Picking the Perfect Pumpkin
When you think of Halloween, what pops into your head? Trick or treating, candy, fall and maybe pumpkins! Pumpkins and Halloween just go together.
Illinois is the #1 pumpkin producing state in the United States. In 2012, Illinois pumpkin farmers produced an estimated 623 million pounds of pumpkins. Pumpkins are grown on every continent except for Antarctica.
Morton, Illinois claims to be the 'Pumpkin Capital of the World'. 80% of the world's canned pumpkin is processed in Morton, Illinois. Morton, Illinois will be celebrating everything Pumpkin at the 47th Annual Morton Pumpkin Festival from September 11-14.
At the 2012 Topsfield, Massachusetts Fair's All New England Giant Pumpkin Weigh Off, the world's largest pumpkin at 2,009 pounds was grown by Ron Wallace from Greene, Rhode Island. This was the first time a pumpkin weighed more than 2,000 pounds.... That may be a little too big for a jack-o'-lantern.
Pumpkins are used to make pies, soups and breads. The world's largest pumpkin pie was made at the New Bremen, Ohio Pumpkinfest in 2010. The pie was 20 feet in diameter and weighed 3,699 pounds! Ingredients for the pie included 1,212 lbs. of canned pumpkin, 2,796 eggs (233 dozen), 109 gallons of evaporated milk, 525 pounds of sugar, 7 pounds of salt and 14.5 pounds of cinnamon.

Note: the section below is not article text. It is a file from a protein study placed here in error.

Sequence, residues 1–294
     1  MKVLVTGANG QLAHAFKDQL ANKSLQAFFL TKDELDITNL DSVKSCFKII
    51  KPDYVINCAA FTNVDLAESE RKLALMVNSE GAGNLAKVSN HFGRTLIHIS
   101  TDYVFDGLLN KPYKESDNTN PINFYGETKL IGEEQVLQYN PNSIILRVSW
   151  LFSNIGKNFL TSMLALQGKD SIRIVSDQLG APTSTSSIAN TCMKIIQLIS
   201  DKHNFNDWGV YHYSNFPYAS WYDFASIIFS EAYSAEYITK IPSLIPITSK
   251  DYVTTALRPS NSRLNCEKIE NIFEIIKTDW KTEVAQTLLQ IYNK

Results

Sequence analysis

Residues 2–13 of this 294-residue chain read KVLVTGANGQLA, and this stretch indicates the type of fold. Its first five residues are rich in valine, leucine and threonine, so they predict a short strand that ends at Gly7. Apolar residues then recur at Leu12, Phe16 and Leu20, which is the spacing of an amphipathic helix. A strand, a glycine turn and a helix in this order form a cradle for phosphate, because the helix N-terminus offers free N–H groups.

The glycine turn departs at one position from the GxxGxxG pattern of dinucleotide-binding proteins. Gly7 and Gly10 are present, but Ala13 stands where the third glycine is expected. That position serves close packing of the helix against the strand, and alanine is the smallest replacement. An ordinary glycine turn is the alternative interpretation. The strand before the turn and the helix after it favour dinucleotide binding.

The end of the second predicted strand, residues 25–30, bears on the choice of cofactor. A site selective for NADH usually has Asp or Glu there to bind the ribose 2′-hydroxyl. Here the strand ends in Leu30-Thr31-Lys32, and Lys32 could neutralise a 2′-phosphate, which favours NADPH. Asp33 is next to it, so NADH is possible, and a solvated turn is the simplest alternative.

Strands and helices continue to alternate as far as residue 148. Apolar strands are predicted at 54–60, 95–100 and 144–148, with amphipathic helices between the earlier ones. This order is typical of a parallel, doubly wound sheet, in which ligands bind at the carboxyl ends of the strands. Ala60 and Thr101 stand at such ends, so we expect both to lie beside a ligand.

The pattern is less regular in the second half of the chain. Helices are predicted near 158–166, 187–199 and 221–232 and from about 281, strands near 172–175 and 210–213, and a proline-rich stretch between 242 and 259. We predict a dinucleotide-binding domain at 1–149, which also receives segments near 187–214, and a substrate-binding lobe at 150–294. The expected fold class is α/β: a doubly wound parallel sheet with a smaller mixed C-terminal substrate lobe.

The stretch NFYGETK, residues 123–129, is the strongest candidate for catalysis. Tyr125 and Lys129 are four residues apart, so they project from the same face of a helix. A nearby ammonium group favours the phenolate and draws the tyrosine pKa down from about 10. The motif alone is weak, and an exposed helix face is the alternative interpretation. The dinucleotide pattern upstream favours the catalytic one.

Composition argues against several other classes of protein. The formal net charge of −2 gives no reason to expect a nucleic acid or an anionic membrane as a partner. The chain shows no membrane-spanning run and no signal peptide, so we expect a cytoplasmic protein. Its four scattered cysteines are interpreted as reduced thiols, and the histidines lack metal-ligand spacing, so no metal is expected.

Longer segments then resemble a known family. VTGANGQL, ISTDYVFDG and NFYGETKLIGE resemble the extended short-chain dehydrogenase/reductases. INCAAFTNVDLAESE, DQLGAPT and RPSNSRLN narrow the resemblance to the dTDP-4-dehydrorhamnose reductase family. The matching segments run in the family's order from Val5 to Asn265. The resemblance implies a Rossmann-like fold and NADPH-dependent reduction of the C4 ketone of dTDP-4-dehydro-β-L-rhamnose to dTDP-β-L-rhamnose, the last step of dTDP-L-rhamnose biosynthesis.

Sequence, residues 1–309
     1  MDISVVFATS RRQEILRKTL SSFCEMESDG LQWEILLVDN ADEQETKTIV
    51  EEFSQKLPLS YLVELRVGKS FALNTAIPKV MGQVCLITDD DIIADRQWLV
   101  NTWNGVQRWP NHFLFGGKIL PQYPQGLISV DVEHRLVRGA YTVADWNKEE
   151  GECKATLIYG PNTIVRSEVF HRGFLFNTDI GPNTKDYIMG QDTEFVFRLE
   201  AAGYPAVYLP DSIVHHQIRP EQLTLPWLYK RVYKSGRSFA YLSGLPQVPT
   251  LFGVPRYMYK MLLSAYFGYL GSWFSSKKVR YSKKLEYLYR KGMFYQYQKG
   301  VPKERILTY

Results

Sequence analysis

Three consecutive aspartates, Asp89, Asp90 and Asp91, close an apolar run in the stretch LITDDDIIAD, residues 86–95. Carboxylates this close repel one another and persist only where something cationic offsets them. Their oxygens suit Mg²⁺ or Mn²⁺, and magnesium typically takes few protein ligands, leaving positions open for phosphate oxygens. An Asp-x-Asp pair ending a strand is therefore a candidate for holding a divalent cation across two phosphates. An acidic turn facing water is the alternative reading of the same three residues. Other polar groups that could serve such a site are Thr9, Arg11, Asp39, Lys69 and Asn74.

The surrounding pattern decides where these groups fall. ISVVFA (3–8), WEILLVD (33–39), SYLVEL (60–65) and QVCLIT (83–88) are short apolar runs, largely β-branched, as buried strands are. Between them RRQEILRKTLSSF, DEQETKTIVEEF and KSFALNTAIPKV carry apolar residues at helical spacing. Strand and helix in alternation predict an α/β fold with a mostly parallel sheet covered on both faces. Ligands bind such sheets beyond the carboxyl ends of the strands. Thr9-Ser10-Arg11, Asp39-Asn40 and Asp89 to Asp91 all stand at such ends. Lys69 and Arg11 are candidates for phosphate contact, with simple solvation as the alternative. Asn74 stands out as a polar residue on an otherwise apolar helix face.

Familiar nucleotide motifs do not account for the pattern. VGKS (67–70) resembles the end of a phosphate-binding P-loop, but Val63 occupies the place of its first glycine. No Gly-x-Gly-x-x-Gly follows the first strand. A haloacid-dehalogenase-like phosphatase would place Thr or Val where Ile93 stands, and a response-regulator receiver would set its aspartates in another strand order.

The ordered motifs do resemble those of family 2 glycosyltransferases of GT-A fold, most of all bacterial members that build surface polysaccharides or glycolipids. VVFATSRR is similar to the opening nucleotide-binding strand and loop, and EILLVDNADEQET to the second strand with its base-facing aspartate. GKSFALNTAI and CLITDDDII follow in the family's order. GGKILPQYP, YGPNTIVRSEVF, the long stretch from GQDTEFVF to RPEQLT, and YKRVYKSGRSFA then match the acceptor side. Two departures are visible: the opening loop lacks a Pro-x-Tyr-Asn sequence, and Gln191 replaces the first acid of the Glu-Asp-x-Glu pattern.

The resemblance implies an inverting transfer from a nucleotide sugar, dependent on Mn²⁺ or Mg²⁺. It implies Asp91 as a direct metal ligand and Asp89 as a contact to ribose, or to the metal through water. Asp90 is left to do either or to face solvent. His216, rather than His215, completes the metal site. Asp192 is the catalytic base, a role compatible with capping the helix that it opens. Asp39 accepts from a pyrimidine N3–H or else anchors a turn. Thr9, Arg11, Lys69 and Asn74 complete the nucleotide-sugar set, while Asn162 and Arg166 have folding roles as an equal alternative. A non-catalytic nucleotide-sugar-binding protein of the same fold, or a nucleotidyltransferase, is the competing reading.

Wolford recommends the following few tips for selecting that perfect pumpkin.
- Choose a pumpkin with a stem at least 1-2 inches long and never carry it by the stem. Pumpkins without a stem will not last long.
- Avoid pumpkins with holes, cuts or soft spots. These areas will decay.
- Light colored pumpkins are easier to carve because the skin is not as hard as darker orange colored ones, but they will not keep as well. Wash the pumpkin with warm water and let it dry before carving.
- To make the pumpkin last longer, keep it in a cool place until ready to carve. After carving, coat the cuts with petroleum jelly or vegetable oil. A pumpkin cut for Halloween will last 7-10 days.
- Avoid using candles to light up your pumpkin. The heat from the candle will cook the flesh of the pumpkin, shortening its lifespan.